Google rolled out an update for the Gmail app on iOS this week that allows users to choose whether or not they want external images to load automatically when they open an email. This might not sound like a huge deal, but as former Twitter executive Mike Davidson revealed in a blog post back in July, attached images can double as email trackers, and some can even tell the sender exactly where you were when you opened the message.
As Davidson explained on his blog, a paid email service called Superhuman “decided to embed hidden tracking pixels inside of the emails its customers send out.” You won’t ever see these pixels, but if you open an email with one inside, the sender will be able to see exactly what time you opened the email and your location when you opened it. This will happen every time you open the email, so if you open it a few times over the course of a day, the sender will have access to a log of everywhere you went that day without your knowledge, which is truly terrifying.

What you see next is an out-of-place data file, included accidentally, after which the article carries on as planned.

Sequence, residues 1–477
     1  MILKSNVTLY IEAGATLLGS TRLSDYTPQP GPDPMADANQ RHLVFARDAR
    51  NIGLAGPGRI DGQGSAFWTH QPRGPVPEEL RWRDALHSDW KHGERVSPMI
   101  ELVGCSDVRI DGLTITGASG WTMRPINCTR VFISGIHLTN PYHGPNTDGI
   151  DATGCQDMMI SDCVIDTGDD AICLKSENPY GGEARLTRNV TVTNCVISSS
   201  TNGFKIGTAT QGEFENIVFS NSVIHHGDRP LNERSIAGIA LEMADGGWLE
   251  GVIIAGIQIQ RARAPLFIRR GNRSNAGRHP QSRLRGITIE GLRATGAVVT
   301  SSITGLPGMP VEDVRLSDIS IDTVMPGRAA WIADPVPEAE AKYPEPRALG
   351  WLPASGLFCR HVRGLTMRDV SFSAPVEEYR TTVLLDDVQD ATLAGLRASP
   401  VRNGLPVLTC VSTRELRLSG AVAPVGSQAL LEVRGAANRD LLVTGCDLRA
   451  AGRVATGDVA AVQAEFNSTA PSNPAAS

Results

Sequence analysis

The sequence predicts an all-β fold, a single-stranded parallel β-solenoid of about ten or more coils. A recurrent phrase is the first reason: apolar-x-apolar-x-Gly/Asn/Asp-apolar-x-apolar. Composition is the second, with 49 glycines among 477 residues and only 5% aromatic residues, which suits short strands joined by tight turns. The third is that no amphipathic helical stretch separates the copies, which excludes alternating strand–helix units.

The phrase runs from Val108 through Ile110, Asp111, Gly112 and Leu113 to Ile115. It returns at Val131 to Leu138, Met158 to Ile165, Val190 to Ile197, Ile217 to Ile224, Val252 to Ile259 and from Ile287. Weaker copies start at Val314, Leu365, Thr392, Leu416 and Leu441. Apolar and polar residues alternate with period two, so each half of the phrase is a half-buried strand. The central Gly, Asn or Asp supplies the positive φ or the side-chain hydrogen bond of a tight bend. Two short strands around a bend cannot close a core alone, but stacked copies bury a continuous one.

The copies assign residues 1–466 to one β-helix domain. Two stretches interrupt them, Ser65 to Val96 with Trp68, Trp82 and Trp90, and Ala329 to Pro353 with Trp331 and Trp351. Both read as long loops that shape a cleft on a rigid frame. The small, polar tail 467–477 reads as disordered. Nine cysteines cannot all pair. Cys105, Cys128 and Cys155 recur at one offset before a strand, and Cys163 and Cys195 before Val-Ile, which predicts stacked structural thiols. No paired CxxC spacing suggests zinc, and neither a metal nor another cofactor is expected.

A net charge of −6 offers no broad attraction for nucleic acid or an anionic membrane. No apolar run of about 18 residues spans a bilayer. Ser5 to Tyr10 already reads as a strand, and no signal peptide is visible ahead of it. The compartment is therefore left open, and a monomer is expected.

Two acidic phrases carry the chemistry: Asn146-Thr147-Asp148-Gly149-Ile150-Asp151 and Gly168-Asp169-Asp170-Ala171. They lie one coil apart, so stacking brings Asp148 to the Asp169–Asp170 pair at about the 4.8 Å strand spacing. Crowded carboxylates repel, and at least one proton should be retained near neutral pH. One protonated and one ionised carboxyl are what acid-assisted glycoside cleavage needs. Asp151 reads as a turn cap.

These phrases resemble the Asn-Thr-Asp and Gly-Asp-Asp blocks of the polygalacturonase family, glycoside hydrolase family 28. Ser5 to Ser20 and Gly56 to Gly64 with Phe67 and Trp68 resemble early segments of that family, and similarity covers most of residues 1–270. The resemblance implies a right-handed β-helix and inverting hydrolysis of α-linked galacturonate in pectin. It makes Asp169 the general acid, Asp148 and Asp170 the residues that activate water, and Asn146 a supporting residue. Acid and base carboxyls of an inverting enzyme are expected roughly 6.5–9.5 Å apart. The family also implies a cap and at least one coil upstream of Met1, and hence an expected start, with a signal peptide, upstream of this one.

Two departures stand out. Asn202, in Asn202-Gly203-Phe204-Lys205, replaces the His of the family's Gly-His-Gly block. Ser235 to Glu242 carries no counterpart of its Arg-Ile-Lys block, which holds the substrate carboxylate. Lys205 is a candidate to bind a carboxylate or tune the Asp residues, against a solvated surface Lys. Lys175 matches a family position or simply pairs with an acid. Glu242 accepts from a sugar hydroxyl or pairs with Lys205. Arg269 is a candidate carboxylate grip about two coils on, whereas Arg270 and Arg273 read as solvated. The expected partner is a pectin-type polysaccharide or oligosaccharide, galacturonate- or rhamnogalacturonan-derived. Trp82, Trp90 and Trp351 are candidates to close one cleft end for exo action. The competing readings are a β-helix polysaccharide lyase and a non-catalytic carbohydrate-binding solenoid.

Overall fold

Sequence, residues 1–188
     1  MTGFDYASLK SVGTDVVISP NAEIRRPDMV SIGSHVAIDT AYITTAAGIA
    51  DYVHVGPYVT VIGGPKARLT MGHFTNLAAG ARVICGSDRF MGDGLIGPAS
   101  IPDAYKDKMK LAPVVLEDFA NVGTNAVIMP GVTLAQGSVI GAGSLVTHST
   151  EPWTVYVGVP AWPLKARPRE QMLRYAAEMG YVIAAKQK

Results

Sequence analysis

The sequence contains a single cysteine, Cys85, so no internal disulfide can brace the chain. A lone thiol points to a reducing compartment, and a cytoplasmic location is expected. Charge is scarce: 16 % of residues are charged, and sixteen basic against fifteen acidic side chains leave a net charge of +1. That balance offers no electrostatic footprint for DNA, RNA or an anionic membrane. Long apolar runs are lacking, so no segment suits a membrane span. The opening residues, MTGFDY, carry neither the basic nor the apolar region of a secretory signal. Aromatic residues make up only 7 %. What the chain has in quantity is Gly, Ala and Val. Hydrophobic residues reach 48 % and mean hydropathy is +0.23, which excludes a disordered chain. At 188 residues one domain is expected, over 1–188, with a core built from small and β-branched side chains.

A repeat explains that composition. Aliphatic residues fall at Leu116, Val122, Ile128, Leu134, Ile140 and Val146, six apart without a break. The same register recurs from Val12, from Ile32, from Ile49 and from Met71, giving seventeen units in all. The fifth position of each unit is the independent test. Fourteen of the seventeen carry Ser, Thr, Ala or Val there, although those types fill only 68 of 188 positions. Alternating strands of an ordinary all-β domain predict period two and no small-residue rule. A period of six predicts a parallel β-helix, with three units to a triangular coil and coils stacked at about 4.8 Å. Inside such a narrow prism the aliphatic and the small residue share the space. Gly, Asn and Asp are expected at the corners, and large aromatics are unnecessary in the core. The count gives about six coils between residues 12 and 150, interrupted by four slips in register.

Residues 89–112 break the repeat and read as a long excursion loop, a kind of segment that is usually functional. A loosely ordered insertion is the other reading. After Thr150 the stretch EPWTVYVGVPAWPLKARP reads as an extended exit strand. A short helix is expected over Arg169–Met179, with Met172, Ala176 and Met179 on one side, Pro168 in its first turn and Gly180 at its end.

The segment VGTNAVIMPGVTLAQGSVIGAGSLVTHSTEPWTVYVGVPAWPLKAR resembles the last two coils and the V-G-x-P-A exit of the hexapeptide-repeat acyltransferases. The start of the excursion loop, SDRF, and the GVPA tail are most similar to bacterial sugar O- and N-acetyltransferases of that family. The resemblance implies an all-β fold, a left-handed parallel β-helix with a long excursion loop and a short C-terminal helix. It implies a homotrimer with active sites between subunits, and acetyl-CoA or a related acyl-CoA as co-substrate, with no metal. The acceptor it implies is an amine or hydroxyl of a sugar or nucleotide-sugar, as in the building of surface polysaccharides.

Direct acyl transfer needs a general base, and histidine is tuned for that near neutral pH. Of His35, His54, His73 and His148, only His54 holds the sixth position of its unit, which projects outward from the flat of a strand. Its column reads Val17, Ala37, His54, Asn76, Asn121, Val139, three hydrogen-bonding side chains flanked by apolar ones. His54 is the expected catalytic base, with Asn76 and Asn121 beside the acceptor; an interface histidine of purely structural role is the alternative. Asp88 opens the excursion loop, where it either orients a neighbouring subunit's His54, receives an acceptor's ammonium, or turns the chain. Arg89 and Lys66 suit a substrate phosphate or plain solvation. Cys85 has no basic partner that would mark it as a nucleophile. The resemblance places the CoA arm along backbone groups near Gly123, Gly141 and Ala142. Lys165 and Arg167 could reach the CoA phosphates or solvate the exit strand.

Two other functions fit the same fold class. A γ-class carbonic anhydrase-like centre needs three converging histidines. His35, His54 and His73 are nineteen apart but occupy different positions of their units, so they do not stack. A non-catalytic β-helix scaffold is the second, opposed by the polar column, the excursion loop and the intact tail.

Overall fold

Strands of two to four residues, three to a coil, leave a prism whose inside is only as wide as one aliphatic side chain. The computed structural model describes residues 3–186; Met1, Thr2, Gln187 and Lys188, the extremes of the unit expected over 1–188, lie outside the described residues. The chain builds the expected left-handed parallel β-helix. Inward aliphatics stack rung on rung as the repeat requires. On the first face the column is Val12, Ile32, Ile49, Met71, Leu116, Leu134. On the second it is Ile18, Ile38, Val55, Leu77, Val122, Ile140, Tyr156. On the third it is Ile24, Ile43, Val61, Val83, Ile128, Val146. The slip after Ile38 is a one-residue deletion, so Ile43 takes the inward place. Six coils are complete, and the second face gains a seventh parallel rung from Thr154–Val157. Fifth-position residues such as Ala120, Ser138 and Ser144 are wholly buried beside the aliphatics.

The outrage that followed convinced Superhuman to remove location data from the feature it so innocuously called “Read Receipts” and turn it off by default for its customers. Nevertheless, the chain reaction of the blog post appears to have resulted in Google giving its users a way to fight back against the imperceptible tracking methods that some email services employ. Here’s how Google describes the new setting:
You can now choose to be asked before external images are displayed automatically.
To enable this for new incoming messages, go to Settings > specific account > Images and select Ask before displaying external images.
This setting was previously only available to desktop users, but now all iPhone and iPad owners can up their privacy game as well. As The Verge notes, the setting is accessible on personal Gmail accounts, but does not appear to have migrated to G Suite accounts quite yet. Hopefully Google will clarify that soon.